4 june 2016, o solo sorrento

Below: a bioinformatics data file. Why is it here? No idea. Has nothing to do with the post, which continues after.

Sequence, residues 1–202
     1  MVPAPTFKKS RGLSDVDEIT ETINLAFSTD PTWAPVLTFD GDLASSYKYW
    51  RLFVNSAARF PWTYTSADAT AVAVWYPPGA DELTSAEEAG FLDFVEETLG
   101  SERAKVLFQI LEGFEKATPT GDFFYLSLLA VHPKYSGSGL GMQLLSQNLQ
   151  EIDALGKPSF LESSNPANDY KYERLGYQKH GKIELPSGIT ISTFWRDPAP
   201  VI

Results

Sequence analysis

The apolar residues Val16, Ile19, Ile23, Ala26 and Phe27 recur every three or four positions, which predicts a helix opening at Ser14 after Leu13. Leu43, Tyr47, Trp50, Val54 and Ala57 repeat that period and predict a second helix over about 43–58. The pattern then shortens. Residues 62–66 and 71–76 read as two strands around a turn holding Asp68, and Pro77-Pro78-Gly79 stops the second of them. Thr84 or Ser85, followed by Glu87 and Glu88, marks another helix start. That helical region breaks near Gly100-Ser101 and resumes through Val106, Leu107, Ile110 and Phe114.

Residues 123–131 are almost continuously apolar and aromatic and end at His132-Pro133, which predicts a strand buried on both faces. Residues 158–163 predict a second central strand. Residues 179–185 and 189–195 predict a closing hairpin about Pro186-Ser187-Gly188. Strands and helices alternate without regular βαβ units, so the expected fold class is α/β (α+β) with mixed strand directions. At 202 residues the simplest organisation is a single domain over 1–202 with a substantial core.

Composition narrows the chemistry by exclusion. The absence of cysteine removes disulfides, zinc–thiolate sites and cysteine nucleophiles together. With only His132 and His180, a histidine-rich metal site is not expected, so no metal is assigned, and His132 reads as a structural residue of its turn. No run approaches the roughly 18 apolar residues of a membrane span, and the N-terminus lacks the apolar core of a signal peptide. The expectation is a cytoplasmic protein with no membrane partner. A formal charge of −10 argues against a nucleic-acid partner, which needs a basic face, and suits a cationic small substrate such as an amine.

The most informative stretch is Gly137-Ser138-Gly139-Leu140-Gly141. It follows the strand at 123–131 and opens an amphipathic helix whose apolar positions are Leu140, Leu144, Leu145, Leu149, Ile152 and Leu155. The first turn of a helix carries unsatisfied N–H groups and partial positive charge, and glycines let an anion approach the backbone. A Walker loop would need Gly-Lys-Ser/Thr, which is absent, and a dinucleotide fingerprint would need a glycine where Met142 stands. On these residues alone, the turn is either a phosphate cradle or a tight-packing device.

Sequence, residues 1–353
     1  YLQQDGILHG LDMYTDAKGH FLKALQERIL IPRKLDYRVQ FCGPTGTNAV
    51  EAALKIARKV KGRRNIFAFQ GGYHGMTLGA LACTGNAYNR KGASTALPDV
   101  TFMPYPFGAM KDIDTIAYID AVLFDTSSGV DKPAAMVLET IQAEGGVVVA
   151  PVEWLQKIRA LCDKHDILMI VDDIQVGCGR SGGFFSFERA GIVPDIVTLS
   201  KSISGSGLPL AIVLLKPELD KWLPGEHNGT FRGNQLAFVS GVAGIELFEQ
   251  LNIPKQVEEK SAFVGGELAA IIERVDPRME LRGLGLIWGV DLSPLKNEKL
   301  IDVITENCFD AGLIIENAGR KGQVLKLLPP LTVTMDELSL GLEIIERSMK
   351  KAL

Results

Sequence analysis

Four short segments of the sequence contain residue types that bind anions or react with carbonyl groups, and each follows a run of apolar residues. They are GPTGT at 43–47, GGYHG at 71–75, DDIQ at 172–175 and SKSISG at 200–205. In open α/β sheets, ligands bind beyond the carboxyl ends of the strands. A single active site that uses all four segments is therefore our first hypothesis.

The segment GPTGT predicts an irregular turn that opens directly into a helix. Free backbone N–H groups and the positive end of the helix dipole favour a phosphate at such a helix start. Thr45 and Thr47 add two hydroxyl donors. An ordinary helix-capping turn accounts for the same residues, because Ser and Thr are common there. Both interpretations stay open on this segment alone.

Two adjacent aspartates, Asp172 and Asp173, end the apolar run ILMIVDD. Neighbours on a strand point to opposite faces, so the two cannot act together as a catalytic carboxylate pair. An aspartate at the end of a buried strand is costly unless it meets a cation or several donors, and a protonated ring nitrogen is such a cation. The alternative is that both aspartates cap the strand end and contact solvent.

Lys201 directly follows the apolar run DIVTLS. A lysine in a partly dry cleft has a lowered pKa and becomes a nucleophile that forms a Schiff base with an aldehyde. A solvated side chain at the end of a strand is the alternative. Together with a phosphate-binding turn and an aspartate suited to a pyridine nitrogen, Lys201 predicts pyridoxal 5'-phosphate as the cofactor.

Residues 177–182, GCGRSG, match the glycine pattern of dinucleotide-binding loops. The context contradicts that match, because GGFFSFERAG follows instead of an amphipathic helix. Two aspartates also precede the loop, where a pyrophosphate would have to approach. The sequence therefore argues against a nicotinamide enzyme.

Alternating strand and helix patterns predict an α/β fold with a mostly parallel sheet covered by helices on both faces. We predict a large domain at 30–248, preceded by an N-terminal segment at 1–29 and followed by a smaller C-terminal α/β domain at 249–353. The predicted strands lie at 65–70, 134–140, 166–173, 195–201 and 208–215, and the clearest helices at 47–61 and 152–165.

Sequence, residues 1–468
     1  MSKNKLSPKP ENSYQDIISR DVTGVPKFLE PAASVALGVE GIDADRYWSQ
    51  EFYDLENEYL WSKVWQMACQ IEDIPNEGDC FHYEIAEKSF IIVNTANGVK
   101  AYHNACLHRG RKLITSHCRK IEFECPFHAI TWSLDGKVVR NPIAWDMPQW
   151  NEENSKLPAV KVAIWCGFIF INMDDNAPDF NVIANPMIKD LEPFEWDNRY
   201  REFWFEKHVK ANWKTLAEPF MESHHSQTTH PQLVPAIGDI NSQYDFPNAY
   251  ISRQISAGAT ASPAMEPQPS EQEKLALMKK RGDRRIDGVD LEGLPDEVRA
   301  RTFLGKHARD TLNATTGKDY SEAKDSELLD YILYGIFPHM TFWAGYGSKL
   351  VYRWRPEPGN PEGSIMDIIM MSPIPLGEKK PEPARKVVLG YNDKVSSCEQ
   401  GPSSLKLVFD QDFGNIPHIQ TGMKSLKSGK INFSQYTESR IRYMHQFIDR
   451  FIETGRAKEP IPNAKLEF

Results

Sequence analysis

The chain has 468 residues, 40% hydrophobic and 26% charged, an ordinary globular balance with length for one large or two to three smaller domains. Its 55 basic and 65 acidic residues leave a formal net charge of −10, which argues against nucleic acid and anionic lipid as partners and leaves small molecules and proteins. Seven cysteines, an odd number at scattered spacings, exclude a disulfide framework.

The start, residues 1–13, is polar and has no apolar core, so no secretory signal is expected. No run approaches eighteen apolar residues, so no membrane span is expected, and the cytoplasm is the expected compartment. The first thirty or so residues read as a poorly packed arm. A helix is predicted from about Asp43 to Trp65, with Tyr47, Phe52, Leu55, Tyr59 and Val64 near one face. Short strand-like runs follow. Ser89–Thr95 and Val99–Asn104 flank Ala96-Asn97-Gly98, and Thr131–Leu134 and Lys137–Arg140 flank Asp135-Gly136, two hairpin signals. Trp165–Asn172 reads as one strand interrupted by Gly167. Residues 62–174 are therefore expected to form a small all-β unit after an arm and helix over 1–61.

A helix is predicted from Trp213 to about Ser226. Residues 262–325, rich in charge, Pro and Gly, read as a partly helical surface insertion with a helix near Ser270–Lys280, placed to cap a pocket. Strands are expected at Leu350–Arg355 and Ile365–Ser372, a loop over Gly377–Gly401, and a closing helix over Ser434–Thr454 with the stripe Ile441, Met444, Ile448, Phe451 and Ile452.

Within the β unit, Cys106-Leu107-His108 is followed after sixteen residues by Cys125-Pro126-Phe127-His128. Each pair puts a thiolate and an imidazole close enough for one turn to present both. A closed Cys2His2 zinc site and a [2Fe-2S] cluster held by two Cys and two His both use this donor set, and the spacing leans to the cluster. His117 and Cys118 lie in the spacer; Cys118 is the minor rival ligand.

Just back from a week away. "first time in italy ?" asked our skipper, "no, several times in the north" we replied. "Aha", he concluded "so it's your first time in italy". The disorganisation, lack of restaurant chains and total imperviousness to rules though were wonderfully familiar. The romans especially did the roads for us: mopeds flying round blind corners on the wrong side of unbelievably narrow (and picturesque) roads, cars reversing down one way streets and brazenly turning right into no right-turns. Everywhere, the views were breathtaking: from sorrento of course, on the cliffs, looking out onto capri, or at the top of its highest mountain, which we accessed on a 1970s chairlift. I was gobsmacked as we were winched up, that so many of the people coming down were staring not at some of the most mediterranean's most dramatic scenery - ischia was rising as if suspended in a cloud - but at their mobile phones. Not even taking pictures, but clearly on emails or social media; some actually talking, breaking the meditative silence. We are a spoilt generation, lost to wonder. The whole holiday I fought this with my kids, though we had amazing ammunition: the wonders of pompeii, albeit in the searing heat, a cooler evening in herculaneum with a great guide, the mind-boggling walk up and sights atop mount vesuvius, capri and a fabulous morning at italian cookery school. We also got to positano, the first time driving across dizzying cliff-top roads and walking down a mountain to eat at the splendid tre sorelles, the second as the climax to our final day's extravagance of a boat down the amalfi coast, in and out the grottos, swimming and sunning, approaching positano from the very best angle, and then breaking a rule and eating at the same restaurant twice. I read the fantastic jacob's gift; he wrote my book. Heavenly holidayesque.